Is Routinely Drinking Caffeine Bad for You?

Can you be dependent on caffeine

Are you drinking caffeinated beverages to help keep you awake through a busy week? Caffeine can be a helpful aid to keep you alert. But if it is a regular part of your routine, you can develop a dependency on caffeine.

Dangers of Routine Caffeine Consumption

Caffeine is not as addictive as smoking or other addictive drugs. However, routine caffeine consumption can create a dependency on caffeine where you experience withdrawal side effects if you deviate from your regular consumption routine.

If you decrease your regular caffeine consumption, you may experience headaches, fatigue, or difficulty focusing. It is best to cut back on caffeine gradually.

If you can reduce your caffeine consumption, you can opt to make it something you consume strictly when you need the concentration boost, rather than daily. This infrequent consumption reduces the risk of needing to overcome withdrawal symptoms later on.

How Much Caffeine Can You Consume?

According to the Mayo Clinic, consuming 400mg or less each day will not cause adverse side effects in most adults.

Consuming this much caffeine would be the equivalent of drinking over 100oz of the most popular sodas or drinking multiple highly caffeinated energy drinks.

Even if you consume 400mg or less of caffeine each day, you may still develop a dependency on a lesser amount of caffeine. If you routinely drink a can of soda with 40mg of caffeine, you may experience withdrawal symptoms if you miss that daily can.

How do You Know How Much Caffeine a Food Has?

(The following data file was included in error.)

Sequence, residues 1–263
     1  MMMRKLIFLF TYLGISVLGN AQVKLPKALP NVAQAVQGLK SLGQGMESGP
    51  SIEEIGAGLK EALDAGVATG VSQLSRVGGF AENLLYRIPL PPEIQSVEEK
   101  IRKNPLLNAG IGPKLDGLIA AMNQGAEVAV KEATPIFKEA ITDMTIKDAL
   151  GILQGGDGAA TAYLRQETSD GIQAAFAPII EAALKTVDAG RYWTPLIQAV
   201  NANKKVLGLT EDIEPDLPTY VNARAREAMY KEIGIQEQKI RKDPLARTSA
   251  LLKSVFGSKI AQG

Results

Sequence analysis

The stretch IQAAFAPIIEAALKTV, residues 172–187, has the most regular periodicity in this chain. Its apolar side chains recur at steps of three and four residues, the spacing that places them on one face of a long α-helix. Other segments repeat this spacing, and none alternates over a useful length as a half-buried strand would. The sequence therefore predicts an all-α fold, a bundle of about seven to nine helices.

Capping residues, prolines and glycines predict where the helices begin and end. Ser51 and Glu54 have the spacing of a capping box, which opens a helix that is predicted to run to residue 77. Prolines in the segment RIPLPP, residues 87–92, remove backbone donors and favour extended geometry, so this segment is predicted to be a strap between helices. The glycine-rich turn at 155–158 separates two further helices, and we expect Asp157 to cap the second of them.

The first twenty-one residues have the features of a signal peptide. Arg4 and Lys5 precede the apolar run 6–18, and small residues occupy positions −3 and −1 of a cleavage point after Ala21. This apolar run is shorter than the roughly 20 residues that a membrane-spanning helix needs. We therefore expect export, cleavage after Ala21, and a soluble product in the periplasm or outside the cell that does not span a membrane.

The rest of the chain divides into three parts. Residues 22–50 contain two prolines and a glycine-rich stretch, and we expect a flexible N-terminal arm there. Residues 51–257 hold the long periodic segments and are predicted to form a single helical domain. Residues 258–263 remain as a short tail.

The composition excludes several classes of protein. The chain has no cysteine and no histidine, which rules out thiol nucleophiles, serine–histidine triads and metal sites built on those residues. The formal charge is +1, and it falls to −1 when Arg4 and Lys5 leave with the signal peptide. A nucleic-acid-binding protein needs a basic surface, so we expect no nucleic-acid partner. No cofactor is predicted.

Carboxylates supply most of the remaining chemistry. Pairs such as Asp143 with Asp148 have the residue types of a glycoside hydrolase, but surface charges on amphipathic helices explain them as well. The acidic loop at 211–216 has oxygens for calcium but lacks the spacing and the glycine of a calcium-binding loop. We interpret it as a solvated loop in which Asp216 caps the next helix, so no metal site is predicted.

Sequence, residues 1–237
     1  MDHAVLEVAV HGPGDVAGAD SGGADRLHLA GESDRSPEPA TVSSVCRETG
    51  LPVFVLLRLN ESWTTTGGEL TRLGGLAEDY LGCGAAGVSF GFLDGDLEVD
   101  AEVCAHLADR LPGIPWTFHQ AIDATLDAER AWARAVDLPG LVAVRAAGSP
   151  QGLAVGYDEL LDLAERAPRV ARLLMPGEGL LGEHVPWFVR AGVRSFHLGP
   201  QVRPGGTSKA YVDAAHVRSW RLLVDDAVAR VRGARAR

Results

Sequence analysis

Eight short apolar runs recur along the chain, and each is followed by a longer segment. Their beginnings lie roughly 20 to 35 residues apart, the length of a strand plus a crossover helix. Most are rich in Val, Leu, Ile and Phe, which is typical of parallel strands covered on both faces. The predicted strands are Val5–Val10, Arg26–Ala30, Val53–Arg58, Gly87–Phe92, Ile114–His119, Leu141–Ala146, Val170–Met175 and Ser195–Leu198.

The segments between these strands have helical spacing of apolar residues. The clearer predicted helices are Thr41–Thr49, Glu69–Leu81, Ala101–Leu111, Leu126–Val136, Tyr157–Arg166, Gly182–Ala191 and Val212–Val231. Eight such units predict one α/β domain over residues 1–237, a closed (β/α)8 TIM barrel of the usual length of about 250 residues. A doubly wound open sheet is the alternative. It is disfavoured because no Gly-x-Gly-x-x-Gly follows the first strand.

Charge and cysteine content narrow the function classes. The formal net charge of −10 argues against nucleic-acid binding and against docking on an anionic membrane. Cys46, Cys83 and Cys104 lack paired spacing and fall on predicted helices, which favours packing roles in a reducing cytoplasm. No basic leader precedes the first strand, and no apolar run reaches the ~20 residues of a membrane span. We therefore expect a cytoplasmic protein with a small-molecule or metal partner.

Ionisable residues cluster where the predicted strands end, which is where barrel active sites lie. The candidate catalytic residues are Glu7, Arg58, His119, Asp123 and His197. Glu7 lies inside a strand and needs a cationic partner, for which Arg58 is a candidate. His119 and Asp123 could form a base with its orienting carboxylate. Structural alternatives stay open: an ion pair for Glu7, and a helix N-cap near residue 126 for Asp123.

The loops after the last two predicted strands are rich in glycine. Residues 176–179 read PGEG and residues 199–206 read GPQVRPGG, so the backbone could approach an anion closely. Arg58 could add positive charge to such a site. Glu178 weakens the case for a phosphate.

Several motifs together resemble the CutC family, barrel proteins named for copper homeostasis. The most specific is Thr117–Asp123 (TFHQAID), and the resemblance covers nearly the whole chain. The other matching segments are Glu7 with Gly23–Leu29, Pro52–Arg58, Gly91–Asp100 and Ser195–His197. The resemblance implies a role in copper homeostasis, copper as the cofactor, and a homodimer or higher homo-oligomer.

While sugar content and many other nutrition facts are listed on the packaging, the amount of caffeine can be harder to identify.

By law, the FDA does not require caffeine amounts to be listed on nutrition fact labels (caffeine is, after all, not a nutrient). However, some manufacturers choose to print the amount of caffeine on the packaging and use this as a selling point.

If caffeine amounts are not present on the packaging, utilize an online database, like the one from the Center of Science in the Public Interest to find how much caffeine a food has.

What Foods Contain Caffeine?

Obvious sources of caffeine are coffee, soda, and tea.

But did you know chocolate also can contain caffeine? This is more prevalent in dark chocolate. For this reason hot chocolate also contains coffee.

Certain cereals and energy bars can contain caffeine as well (in addition to sugar).

Lastly, it is worth pointing out that decaf coffee is not 100% free of caffeine. The decaf process that Starbucks uses for example removes about 97% or more caffeine. While decaf coffee does have significantly less caffeine, it still does contain small amounts.

What are the Side Effects of Consuming Too Much Caffeine?

According to the FDA, overconsumption of caffeine can result in insomnia, jitters, anxiousness, fast heart rate, upset stomach, nausea, headache, or feelings of depression.

While caffeine can help make you feel more alert, it is not a replacement for proper sleep.